IDC lowers its market outlook for PCs and tablets

Global PC shipments will fall by 8.7% this year; tablet shipments will decline 8%

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Lenovo's ThinkPad P70 workstation is one of the first laptops to offer Intel's Skylake processors. 

Credit: Rob Schultz

IDC has revised its 2015 forecasts for the PC and tablet markets, saying shipments in both will fall more than it had anticipated due in part to economic challenges, a hardware surplus and waning interest among businesses and consumers to upgrade.

PC shipments will slide by 8.7 percent this year and will continue to fall through 2016, marking five consecutive years of declines, IDC said Wednesday. In an earlier forecast, IDC said PC shipments would decline by 6.2 percent in 2015.

A large inventory of notebooks, a strong U.S. dollar, which raises PC prices in other countries, and free upgrades to Windows 10 are hurting PC shipments this year.

A hardware refresh in the commercial market will help shipments stabilize in 2017, but consumer shipments will continue to have slight decreases into 2019.

While mobile devices have been named as culprits for the fall of PC shipments, IDC said that other factors may be in play. Combined volume shipments of PCs, tablets and smartphones are expected to increase only in the single digits through 2019. This could indicate market saturation or the effect of a "good enough computing" mentality among potential buyers, IDC said.

Separately, IDC revised its tablet shipment forecast, calling for shipments to fall 8 percent year over year versus an earlier prediction of a 3.8 percent decline.

One bright spot in the tablet market is two-in-one devices, which can be converted into a laptop. Shipments of those devices will increase 86.5 percent year over year in 2015 with 14.7 million units shipped.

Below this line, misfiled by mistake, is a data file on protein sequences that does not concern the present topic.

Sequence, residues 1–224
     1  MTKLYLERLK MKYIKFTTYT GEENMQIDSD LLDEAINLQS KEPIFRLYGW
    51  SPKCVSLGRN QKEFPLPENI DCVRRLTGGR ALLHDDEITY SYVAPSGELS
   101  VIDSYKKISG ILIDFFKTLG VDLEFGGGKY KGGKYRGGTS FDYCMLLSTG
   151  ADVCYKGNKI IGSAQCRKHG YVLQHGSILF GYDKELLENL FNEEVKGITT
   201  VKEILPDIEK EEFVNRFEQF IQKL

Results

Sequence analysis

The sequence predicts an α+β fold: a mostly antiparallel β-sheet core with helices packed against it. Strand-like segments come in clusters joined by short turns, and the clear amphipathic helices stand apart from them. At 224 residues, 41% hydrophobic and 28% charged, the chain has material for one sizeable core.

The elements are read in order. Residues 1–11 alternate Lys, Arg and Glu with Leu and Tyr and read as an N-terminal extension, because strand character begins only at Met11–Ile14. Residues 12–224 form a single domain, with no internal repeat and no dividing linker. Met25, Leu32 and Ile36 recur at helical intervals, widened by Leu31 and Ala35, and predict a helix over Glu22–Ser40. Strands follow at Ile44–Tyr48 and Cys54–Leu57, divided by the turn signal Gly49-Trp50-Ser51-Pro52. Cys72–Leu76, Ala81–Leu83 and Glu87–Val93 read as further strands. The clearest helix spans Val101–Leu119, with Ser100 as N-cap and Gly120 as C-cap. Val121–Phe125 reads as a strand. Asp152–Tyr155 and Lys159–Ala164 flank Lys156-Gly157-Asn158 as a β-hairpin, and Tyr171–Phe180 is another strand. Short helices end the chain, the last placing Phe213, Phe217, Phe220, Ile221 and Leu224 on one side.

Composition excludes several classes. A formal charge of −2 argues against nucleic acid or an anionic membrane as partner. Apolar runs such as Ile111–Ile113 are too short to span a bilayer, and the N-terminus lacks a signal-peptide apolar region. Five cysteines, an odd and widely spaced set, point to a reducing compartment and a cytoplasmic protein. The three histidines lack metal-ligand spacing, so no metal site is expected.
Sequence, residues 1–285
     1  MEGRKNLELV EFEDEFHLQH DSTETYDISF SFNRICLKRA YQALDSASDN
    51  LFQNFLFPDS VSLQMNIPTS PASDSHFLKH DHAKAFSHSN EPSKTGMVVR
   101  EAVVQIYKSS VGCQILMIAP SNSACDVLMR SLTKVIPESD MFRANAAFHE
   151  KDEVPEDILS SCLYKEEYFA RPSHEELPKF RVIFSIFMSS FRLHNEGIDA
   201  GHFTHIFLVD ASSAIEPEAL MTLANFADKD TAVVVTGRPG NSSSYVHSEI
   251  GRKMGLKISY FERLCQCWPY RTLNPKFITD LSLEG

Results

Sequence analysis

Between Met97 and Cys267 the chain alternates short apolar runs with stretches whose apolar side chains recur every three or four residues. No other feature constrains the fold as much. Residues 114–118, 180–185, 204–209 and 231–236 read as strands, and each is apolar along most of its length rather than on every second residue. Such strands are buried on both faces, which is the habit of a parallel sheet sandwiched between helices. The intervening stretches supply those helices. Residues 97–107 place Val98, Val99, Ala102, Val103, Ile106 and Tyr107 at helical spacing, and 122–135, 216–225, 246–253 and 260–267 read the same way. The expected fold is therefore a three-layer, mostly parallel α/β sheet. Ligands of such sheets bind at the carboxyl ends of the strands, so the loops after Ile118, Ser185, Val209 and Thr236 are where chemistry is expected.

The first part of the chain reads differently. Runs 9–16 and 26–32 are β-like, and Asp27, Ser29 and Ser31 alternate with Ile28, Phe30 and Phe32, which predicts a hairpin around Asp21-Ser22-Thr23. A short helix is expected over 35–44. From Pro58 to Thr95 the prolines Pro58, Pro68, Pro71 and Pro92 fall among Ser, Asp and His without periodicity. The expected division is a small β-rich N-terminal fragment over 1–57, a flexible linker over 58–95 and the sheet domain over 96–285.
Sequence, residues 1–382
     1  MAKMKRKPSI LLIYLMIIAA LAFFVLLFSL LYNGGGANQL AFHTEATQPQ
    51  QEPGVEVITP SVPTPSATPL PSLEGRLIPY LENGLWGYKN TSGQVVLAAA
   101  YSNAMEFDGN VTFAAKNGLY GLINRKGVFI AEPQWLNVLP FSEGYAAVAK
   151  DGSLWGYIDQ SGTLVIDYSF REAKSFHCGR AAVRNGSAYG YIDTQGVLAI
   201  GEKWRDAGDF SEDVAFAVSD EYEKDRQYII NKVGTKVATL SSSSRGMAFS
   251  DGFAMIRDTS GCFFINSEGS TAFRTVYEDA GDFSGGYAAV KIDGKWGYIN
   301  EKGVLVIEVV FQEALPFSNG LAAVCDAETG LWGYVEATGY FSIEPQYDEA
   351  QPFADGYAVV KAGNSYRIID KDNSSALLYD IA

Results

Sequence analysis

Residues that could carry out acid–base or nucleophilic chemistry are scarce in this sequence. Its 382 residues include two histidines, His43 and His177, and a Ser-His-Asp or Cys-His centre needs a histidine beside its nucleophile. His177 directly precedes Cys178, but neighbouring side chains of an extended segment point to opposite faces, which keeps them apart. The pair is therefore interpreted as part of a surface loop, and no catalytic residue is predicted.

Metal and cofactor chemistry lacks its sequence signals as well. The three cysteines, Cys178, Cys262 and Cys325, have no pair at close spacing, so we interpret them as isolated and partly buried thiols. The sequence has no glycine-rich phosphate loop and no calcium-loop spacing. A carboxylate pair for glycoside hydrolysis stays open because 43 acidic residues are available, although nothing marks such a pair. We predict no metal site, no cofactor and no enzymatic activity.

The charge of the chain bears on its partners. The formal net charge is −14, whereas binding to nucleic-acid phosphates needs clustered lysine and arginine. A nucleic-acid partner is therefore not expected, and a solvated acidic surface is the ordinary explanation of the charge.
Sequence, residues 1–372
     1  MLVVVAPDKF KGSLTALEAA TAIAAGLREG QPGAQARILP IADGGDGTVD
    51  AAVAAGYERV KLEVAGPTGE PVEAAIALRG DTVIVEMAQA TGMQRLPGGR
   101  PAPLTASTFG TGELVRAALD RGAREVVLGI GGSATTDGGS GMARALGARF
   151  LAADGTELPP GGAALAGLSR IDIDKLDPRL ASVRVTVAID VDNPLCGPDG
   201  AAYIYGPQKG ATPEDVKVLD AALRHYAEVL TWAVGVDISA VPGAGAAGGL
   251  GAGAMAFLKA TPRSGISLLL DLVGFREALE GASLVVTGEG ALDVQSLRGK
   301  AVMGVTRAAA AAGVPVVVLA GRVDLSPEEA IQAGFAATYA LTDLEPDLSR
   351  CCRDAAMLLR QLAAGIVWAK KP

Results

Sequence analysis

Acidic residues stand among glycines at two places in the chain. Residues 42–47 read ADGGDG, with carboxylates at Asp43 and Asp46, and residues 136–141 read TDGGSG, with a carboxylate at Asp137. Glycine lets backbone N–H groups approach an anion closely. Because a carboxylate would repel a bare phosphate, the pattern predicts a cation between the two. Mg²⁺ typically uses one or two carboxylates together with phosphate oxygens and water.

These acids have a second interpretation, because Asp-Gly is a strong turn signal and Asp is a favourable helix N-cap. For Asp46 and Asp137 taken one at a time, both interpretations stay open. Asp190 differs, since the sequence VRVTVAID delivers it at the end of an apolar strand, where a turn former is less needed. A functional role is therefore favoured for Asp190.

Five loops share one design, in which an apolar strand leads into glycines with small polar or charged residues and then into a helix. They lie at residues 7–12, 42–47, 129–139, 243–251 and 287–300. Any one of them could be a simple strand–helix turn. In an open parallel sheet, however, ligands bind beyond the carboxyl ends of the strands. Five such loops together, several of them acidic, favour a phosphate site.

Still, a majority of the 212 million tablets shipped this year will be standard tablets that can't be converted.

A limited selection, high prices and a lack on interest in Windows 8 made businesses hesitant to adopt two-in-one tablets. However, more hardware vendors are manufacturing two-in-one tablets, increasing choices while lowering costs. In the second quarter of 2015, more than 40 vendors are shipping two-in-one tablets, up from 14 two years ago, according to IDC.

Another positive factor was the debut of Windows 10, which is better designed for tablets.

In the coming years, a majority of tablets will run Android, but IDC is forecasting that the OS will lose market share to Windows. In 2019, Android tablets will have a 56.6 percent market share, down from 66 percent in 2015.

Windows tablets, meanwhile, will capture a 17.5 percent market share in 2019, compared with 8.4 percent in 2015. Tablets running Apple's iOS will record a slight uptick in market share, rising to 25.9 percent in 2019 from 25.5 percent this year.

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